There is a heated debate among Democrats about the direction of the party, with centrist politicians facing challenges from the left, particularly on the Iraq War. But New York voters had a difficult time seeing this debate play out, with New York City cable news channel NY1 (owned by Time Warner) blocking challenger Jonathan Tasini from a Democratic primary race debate against incumbent Sen. Hillary Clinton.
As an antiwar candidate challenging Clinton’s pro-war record, Tasini (a one-time contributor to Extra!—Summer/90) would appear to have offered something that Democratic voters say they want: A Zogby poll (8/9/06) showed that 78 percent of Democrats want candidates who oppose the Iraq War. By shutting Tasini out of the debate, NY1 hampered discussion of this central issue and ultimately limited voter choice.
Before being invited to an NY1-sponsored debate, a candidate is required to not only have at least 5 percent support in public opinion polls, but also to have spent and/or raised $500,000 (Village Voice, 8/2/06). Tasini had more than enough popular support—polling 13 percent in one Marist poll (7/19/06)—but his campaign had only raised $150,000. (Without the exposure of a debate, Tasini eventually won 17 percent of the vote in the September 12 primary.)
NY1’s criteria simply spell out the undemocratic standards media outlets often use to measure the seriousness of a candidacy. Setting any sort of fundraising requirement for participation in a debate is anti-democratic, akin to a poll tax or a property qualification for voting. The League of Women Voters, which is the main sponsor for local and national debates, requires only that a participant in a debate collect the 15,000 signatures required by law to be on the ballot. In this case, Tasini received 40,000 signatures, placing him well over that mark.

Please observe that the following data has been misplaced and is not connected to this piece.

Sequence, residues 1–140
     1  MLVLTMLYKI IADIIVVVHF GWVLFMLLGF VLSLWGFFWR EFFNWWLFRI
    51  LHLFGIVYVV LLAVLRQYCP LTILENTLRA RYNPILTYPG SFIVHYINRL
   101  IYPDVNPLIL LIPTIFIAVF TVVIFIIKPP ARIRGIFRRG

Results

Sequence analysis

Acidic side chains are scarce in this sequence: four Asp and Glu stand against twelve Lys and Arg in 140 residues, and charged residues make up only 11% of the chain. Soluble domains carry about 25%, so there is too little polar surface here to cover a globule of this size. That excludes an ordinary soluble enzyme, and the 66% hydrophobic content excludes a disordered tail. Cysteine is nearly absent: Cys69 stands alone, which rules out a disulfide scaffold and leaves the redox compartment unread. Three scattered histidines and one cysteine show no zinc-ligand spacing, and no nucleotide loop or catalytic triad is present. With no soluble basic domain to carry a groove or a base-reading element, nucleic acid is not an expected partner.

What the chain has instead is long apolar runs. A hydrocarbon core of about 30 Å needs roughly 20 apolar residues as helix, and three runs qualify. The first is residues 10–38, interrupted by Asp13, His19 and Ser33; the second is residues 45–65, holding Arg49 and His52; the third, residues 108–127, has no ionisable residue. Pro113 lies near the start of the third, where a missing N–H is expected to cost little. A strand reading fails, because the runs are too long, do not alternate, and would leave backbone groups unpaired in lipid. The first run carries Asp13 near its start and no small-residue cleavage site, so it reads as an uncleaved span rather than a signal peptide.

When a FAIR Action Alert (8/4/06) called on NY1 to allow Tasini into a debate, the channel’s general manager, Steve Paulus, responded (FAIR Activism Update, 8/23/06): “NY1 has not disqualified Jonathan Tasini from any debate because there is no debate. Hillary Clinton will not agree to a debate with anyone so there is no debate to be held.” This is exactly backward—Clinton can’t agree or not agree to a debate that isn’t being held. It’s NY1’s decision whether to hold a debate—and the channel decided not to, because Tasini didn’t have enough money.
In terms of Tasini’s financial situation, Paulus noted, “There are 5.5 million registered Democrats in New York State. If one-tenth of them (one out of ten registered Democrats) sent him $1 he would have raised $550,000.” Paulus is surely aware that candidates do not generally raise money in one-dollar increments; the PAC of his own employer, Time Warner, has given Clinton $5,000 in this election cycle alone, while Time Warner employees have pitched in at least another $98,000 in chunks of $200 or more (OpenSecrets.org). At that rate, you would only need a handful of similarly generous companies to reach the threshold set by Time Warner‘s subsidiary—but neither Time Warner nor Rupert Murdoch, another corporate fundraiser for Clinton, is likely to direct any of their wealth to an insurgent candidacy like Tasini’s.
It is certainly (and unfortunately) true that it’s difficult for a candidate without a lot of money to get elected. But there are many factors that reduce a candidate’s electoral chances that should not bar them from a debate. It’s unlikely that NY1 would exclude a candidate who is an atheist, for example, even though many political observers think that would hinder election to a major office.
Without the exposure that debates provide, grassroots candidates running on a shoestring budget have little chance of communicating their positions to the majority of voters. As writer/activist Barbara Ehrenreich said at a Tasini campaign forum protesting the exclusion (Village Voice, 8/2/06), “When you have to have half a million dollars to tell people what you stand for, then we’re not talking about democracy anymore, we’re talking about plutocracy.”